An editor at the Wall Street Journal must have seen the stories about Daniel Loeb’s campaign to change Sotheby’s management and commissioned a story on hedge fund managers and how they’re changing the art world because today’s story reads like a grab bag of familiar faces, trends and fears. Since 2005 there has been persistent chatter about how hedgies would bring their aggressive trading style to the art market and, for the most part, financial players have proved to be ‘buy and hold’ players.
Nonetheless, the Journal has three interesting tidbits worth noting. The first is watching a true master talk his book as Jose Mugrabi stokes the flames on the Basquiat market where he’s heavily invested. Note that Mugrabi is neither a hedge fund manager nor new to the market but he’s doing all the things the Journal says financial players would do:
A recent jump in Basquiat’s prices indicates he might be in play. Until a few years ago, the going rate for one of the artist’s frenetic 1980s portraits or graffitilike street scenes was $5.5 million. But eight of his top prices have been achieved in the past two years, led by a $48.8 million double portrait from 1982, “Dustheads,” that Christie’s sold last May. Dealer Jose Mugrabi, who is known for buying Basquiats, credits hedge-fund collectors for the run-up: Mr. Loeb owns a Basquiat painting of a boxer throwing a punch.
Mr. Mugrabi said a hedge-fund manager recently asked him to track down a mural that Basquiat painted inside a New York nightclub called the Palladium. “The guy said, ‘I’m willing to pay $100 million, $200 million for it,’” he said. “He wants the art he loved and remembered seeing when he was young, and he can afford to pay anything to get it.” (Mr. Mugrabi said he agreed to look for the mural.)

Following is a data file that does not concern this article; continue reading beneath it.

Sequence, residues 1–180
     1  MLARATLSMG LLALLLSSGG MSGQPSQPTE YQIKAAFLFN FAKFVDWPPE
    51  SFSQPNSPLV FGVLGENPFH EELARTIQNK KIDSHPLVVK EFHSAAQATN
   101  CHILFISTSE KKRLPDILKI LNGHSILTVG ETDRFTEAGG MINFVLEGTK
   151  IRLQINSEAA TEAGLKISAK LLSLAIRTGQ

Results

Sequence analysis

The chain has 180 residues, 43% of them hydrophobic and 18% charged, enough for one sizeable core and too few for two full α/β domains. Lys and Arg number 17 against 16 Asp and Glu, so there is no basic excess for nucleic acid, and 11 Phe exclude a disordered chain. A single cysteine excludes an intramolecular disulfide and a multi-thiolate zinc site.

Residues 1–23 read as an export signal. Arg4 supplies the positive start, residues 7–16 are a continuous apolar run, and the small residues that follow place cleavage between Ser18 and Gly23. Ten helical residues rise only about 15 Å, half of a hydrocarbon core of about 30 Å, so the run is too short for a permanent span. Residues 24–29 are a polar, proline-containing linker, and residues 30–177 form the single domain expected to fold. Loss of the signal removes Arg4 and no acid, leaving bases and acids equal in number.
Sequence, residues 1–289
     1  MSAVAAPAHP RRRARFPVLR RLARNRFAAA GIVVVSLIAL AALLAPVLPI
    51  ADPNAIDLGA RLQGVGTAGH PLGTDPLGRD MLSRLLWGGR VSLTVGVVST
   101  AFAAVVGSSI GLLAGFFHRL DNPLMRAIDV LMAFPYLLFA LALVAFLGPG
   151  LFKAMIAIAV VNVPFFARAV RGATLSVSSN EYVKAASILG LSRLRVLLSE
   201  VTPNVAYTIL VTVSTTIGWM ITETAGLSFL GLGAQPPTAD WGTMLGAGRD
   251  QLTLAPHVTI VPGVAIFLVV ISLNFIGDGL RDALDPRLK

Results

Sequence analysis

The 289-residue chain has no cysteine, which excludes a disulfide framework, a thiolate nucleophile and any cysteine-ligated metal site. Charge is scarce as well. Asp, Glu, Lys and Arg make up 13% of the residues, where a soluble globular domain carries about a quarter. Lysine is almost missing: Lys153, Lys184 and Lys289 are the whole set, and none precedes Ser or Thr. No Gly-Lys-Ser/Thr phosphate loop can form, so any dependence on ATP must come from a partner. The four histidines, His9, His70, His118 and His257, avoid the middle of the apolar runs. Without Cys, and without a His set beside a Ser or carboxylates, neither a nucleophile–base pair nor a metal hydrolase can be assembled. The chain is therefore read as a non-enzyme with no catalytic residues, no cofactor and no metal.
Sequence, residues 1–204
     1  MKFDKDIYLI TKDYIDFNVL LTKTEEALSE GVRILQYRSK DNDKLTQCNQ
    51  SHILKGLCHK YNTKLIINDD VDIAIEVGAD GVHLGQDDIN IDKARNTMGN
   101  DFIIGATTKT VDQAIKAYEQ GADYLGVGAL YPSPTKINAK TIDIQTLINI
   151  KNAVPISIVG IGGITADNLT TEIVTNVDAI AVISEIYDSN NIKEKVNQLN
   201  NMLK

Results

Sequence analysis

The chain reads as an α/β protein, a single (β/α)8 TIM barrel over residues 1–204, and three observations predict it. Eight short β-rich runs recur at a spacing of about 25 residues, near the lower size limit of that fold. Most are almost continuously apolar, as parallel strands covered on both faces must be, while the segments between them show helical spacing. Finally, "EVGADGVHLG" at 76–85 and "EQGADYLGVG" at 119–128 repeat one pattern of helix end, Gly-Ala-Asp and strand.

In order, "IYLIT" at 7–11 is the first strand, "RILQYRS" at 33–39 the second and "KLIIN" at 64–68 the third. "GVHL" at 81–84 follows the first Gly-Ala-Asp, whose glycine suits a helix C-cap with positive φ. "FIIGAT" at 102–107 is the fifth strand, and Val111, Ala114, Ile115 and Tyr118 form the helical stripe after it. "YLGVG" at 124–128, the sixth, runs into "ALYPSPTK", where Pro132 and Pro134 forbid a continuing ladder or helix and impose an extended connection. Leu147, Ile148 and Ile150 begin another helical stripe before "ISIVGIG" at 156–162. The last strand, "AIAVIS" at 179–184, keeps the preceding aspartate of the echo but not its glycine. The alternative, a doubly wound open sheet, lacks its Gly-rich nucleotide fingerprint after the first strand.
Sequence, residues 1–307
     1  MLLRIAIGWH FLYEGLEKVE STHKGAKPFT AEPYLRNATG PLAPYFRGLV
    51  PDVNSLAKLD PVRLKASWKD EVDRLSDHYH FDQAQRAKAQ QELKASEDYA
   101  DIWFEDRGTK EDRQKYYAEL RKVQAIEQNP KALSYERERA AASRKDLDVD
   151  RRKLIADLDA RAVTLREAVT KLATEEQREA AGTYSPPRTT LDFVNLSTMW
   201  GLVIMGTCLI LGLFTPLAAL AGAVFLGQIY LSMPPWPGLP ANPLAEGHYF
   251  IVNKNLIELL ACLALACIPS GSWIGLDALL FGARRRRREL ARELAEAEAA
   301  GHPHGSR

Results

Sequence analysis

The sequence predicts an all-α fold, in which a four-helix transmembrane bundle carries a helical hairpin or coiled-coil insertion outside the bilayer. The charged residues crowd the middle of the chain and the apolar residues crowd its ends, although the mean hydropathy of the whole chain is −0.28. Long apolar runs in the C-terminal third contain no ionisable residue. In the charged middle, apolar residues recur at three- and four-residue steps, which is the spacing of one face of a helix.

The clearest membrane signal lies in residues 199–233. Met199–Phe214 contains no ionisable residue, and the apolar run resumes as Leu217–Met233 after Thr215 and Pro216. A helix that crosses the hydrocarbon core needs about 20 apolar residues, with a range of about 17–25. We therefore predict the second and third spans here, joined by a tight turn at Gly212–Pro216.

Private dealer Stephane Connery is also happy to flatter his potential clients by praising their sedulous research and belief they can see value where others don’t. Notice Connery’s story doesn’t end with his collector selling his “position” in either artist:
Mr. Connery, the private dealer, said one of his hedge-fund clients found his collecting groove after he began researching blue-chip artists whose prices in 2002 still appeared “undervalued” compared with their peers. His roster turned up artists like Auguste Rodin, who was then selling for less than Alberto Giacometti, and Salvador Dalí, whose prices at the time lagged behind surrealist Rene Magritte. Within a couple of years, Mr. Connery said the collector amassed seven Dalí paintings and four Rodin bronzes.
“He said, ‘Let’s go long on Rodin,’ and look what’s happened—the markets for those artists have exploded,” Mr. Connery added. No one had paid more than $5 million at auction for Rodin a decade ago; today, the French sculptor’s auction record stands at $18.9 million. Dali has enjoyed a similar bump, his auction high bar climbing from $5.7 million four years ago to $21.7 million currently.
Finally, it is worth noting—though the article doesn’t—that 2013 has been a dismal year for hedge fund performance as managers chased return outside of the equity markets thus missing out on a broad, spectacular rise in the S&P 500. This particular fund manager has been more associated with losses in gold recently:
Hedge-fund collectors have a track record of taking creative financial positions in art. When John Paulson, who hangs Alexander Calder watercolors around his office at Paulson & Co., found out that New York gallery Berry-Hill was defaulting on $26 million in debt two years ago, he didn’t tsk-tsk like the rest of the art world. Instead, his fund swept in and took over the gallery debt —seeing potential upside in the gallery’s 18th-20th century inventory the same way he’s known for spying value in distressed companies. Mr. Paulson, through a spokesman, declined to comment.